Student performances highlight therapeutic value of storytelling

Kat McGreevy, a performer, reads Danny’s monologue from War Words, a doc-play. Warning: cuss words.

OSWEGO, N.Y. – On Feb. 23, two storytelling performances highlighted the work of students in the expressive arts therapy minor at SUNY Oswego, while demonstrating the therapeutic value of storytelling.

The performance occurred inside the current Tyler Art Gallery showcase called “Fire For Effect” by Paul Pearce, a local artist, combat veteran, and SUNY Oswego graduate. The exhibit showcases themes of recovery, rebuilding, and healing after wartime. 

Jonal Langenfeld-Rial, theatre professor and expressive arts therapy minor advisor at SUNY Oswego, is familiar with the effects of war because her father and other family members were active-duty soldiers.

“I don’t know anyone who has come back from the military, especially active duty, and doesn’t have PTSD,” Langenfeld-Rial said. “It’s not just about war…let’s look at the survival part. Let’s look at how we can move forward.”

The storytelling performances were organized by Langenfeld-Rial, and performed by a group of students in the special topics course “Storytelling in Performances: Storytelling for Culture, Ethnicity, and Social Justice.” 

Public student-led performances of “Storytelling as Therapy: Healing after Trauma,” took place in the Tyler Art Gallery in Tyler Hall, where the class explored how to move on after war and violence.

The performers created an immersive storytelling experience, alongside the artwork, to further help express the artist’s work and provide students with a hands-on expressive arts therapy experience. 

The class selected monologues from the play War Word, a Pulitzer Prize-nominated docu-play composed of the heroic and heartbreaking stories of those who served in the U.S. military during the Afghanistan and Iraq wars.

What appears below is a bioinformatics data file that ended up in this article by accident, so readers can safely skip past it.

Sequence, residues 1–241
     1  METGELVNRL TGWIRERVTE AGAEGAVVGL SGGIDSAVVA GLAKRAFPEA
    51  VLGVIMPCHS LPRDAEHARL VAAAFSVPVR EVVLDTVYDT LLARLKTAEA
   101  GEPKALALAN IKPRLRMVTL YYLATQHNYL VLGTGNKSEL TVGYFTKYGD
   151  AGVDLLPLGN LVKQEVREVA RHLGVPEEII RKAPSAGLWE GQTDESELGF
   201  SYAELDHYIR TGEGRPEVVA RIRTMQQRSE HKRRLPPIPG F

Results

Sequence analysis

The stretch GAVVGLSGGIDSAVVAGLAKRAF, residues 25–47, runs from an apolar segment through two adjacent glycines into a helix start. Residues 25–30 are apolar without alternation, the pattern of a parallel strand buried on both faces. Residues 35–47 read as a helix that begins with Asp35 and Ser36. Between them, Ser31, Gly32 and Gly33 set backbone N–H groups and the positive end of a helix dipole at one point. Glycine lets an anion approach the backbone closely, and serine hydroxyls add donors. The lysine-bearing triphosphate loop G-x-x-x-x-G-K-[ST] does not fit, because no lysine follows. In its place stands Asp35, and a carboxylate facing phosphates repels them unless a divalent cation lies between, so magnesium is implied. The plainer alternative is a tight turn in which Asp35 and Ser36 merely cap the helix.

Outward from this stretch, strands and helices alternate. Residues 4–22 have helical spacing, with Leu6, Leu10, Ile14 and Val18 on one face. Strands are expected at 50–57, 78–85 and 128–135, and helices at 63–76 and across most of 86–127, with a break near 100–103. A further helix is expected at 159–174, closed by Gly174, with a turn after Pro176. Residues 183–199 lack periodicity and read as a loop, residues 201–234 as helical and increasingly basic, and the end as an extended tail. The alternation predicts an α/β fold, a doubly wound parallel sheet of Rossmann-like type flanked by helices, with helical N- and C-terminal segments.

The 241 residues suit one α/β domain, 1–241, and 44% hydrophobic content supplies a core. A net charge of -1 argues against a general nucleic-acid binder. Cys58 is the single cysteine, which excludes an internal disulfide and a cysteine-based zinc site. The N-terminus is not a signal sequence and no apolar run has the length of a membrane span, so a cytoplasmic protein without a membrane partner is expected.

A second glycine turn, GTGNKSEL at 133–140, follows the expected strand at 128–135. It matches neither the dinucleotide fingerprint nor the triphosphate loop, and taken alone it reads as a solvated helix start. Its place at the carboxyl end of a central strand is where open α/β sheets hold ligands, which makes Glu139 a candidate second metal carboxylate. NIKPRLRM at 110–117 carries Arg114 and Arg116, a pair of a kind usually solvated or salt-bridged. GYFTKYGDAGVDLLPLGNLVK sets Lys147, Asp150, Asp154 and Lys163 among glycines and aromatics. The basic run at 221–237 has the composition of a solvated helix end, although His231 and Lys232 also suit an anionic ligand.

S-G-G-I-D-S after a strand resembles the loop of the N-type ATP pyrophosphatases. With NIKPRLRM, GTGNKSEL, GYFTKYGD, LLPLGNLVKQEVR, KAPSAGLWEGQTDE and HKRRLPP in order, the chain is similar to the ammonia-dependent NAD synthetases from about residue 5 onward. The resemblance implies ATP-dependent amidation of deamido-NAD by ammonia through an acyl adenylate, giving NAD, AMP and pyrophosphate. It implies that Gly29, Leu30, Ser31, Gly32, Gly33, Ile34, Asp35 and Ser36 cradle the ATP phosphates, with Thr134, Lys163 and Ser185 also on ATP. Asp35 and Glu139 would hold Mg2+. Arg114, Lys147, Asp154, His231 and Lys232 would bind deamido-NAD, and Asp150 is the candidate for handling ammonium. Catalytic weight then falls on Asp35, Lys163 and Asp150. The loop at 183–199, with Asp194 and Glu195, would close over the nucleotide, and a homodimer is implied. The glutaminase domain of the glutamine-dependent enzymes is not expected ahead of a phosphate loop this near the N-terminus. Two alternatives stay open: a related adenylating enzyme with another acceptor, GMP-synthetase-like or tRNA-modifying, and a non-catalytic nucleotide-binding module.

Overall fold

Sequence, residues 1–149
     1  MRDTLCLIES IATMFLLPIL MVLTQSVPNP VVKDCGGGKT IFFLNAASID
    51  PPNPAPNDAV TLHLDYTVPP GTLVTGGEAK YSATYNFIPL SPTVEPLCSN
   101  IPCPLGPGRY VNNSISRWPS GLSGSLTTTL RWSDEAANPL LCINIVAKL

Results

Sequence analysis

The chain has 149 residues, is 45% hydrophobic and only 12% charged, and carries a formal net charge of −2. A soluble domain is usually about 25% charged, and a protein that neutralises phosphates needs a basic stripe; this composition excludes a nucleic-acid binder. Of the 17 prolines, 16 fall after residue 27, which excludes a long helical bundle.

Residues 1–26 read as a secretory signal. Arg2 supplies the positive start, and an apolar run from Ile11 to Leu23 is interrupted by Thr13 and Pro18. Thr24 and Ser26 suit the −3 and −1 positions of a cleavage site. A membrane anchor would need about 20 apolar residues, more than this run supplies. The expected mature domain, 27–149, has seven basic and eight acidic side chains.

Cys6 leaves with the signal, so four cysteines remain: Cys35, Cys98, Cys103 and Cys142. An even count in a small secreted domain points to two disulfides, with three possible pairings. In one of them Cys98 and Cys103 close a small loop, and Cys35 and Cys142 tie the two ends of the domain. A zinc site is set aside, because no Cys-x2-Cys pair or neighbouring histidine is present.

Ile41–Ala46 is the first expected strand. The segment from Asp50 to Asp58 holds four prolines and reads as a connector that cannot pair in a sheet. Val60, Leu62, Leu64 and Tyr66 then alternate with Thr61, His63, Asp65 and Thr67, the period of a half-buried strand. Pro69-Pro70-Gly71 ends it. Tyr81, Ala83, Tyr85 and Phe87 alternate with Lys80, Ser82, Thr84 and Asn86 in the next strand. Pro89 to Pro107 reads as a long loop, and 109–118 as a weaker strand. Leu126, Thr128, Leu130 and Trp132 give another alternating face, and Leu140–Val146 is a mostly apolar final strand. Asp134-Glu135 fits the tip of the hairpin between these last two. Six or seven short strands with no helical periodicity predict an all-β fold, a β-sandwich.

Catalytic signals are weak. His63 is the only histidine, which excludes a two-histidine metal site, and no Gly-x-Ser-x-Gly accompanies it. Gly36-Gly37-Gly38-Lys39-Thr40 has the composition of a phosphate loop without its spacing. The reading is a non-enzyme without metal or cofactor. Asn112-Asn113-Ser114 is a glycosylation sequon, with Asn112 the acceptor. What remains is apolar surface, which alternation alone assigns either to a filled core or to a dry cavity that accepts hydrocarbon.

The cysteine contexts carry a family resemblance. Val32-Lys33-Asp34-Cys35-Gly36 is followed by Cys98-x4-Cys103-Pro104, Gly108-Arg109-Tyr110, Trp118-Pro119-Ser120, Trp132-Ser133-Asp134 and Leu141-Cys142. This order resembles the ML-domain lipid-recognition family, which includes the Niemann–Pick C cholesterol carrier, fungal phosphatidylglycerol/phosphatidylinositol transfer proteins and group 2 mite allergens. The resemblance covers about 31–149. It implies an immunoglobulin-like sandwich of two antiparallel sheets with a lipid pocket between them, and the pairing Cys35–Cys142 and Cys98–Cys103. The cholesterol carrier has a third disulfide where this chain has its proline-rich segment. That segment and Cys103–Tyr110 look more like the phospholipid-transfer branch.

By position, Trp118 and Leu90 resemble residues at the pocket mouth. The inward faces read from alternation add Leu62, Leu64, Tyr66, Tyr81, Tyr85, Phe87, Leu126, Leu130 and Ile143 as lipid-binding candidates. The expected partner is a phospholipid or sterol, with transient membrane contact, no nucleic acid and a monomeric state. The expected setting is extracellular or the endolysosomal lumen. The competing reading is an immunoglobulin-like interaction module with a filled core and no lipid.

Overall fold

Sydney Lawton, a junior at SUNY Oswego majoring in children’s education with a minor in expressive arts therapy minor, said that the weeks leading up to the performances were nerve-racking.

“I practiced a lot because I was nervous… I’ve never done performances or theatre until I had Jonel last year,” Lawton said. “But it was a good nervous…because I knew it was going to be an impactful and powerful performance.” 

Storytelling is a medium that can be used in therapy. Still, for a long time, storytelling wasn’t considered to have the capacity to further help individuals suffering from trauma by allowing them to express themselves. 

“I love using real stories because it resonates so much with people,” Langenfeld-Rial said. “[And] as actors, we have to analyze and deconstruct who these people are and one of the most important things I’ve said is that you need to learn to analyze and listen objectively. And work really hard not to judge,” Langenfeld-Rial said. 

Lawton composed photographs for her performance of relics from a time when her grandfather guarded Rudolph Heff’s, Aldof Hitler’s right-hand man, prison cell. He brought back flags, posters, letters, beer bottles, and more. 

“I took these photographs to show a different perspective and view of military documents and soldiers’ possessions,” Lawton said. “To show how he kept [them] and how it must’ve had an impact on them…for them to keep [these items].”

Selena Allen, a senior at SUNY Oswego who majors in studio art with an expressive arts therapy minor, composed digital artwork that shows a raw and destructive depiction of war with no support and disconnection from civilians. 

The storytelling performances also touched on bringing awareness of the aftermath of war to bring about an understanding within the community. 

“I strongly believe that rebuilding a community starts at home or with people closest to you,” Allen said. “With a healthy foundation, we can find it in ourselves to start the change.” 

Langenfeld-Rial holds hope that more of these events will occur years down the line at SUNY Oswego, bringing attention to storytelling and the expressive arts therapy minor while also entertaining the public. (615)